Rereading the Magicians
Rereading books is something I do often, but I'll save that topic for another post. Regarding The Magicians, I had a vague memory of what actually happened in the book. I mean, I knew it was about a guy who found a hidden college for magicians, and his trip to a magical realm with some of his classmates, but aside from that, I couldn't remember much of the details. So reading it a second time was really refreshing.
It's a great read: literary, imaginative, dark and depressing at points. I looked at some of the reviews on Amazon and quite a few people had a problem with it. Maybe these were readers who were more familiar with plot-driven stories and less so with literary novels. I think it blended the two styles effortlessly. I don't think I've read anything quite like it before. I think it fits on the same shelf as a few of my other favorite books: The Stolen Child by Keith Donohue, Jonathan Strange and Mr. Norrell. I love this kind of adult literary fantasy. I'll even suggest Donna Tartt's The Secret History on this list, although it is not fantasy, but I believe it has the same themes and ideals as most fantasy novels.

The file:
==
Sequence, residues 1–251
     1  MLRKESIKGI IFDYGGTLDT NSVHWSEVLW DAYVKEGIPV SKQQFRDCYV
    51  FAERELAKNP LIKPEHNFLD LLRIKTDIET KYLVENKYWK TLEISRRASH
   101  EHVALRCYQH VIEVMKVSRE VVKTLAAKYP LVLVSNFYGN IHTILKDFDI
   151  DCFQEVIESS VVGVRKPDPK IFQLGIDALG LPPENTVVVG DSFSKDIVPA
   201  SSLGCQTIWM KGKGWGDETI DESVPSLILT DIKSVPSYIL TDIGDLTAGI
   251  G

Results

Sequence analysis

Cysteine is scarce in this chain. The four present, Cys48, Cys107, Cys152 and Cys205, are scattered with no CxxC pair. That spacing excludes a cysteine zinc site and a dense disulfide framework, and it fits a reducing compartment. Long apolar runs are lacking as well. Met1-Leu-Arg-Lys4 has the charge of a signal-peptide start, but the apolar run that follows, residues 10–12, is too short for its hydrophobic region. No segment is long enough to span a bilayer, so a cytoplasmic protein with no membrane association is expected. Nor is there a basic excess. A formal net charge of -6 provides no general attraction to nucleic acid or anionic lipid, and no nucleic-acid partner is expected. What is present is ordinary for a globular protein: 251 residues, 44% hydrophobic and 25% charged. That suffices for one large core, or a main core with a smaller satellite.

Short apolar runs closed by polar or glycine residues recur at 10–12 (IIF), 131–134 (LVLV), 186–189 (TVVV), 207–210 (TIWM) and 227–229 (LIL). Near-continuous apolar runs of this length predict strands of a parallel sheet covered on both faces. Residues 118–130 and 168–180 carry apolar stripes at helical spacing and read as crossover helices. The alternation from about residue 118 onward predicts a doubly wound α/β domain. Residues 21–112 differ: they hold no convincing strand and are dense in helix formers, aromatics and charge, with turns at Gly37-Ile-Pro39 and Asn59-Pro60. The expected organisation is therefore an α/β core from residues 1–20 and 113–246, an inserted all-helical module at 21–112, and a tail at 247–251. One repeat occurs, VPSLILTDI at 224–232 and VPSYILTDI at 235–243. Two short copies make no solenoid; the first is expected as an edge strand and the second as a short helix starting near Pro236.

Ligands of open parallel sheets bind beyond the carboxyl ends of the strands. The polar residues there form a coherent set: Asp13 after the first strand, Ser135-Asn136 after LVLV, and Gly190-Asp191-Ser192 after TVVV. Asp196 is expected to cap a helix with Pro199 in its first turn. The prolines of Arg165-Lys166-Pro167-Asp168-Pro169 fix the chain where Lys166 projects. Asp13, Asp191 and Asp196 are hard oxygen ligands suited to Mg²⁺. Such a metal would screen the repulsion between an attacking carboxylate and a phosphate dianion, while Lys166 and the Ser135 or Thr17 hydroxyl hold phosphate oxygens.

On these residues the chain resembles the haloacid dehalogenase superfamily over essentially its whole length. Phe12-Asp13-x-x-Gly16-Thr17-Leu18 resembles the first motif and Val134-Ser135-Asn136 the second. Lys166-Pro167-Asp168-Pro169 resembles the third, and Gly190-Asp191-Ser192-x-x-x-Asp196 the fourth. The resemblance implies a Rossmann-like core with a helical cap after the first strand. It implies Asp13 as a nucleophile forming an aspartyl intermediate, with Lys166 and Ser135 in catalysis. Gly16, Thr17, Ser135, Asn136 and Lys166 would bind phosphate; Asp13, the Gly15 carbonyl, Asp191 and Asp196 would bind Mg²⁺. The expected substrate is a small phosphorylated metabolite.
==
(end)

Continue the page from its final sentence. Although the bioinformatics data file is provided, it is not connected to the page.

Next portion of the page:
As I finished it last night, I used The Google Machine and searched for Brakebills, the invisible school of magic that our protagonist, Quintin Coldwater attends. There's a website (or at least a landing page) for the imaginary school that is quite funny. I particularly liked this note under ADMISSIONS:
Do not bother applying to Brakebills. If there is even a remote chance that you are qualified, you will receive an invitation to take the entrance examination.
I also found a place where you can buy Brakebills College t-shirts. I just have to get one of these.
Anyway, I'm looking forward to The Magician King. Has anyone else read The Magicians?
Breaking News: Just found a link to an article that gives more information on the idea of blurring reality and fantasy, re: the Brakebills College shirt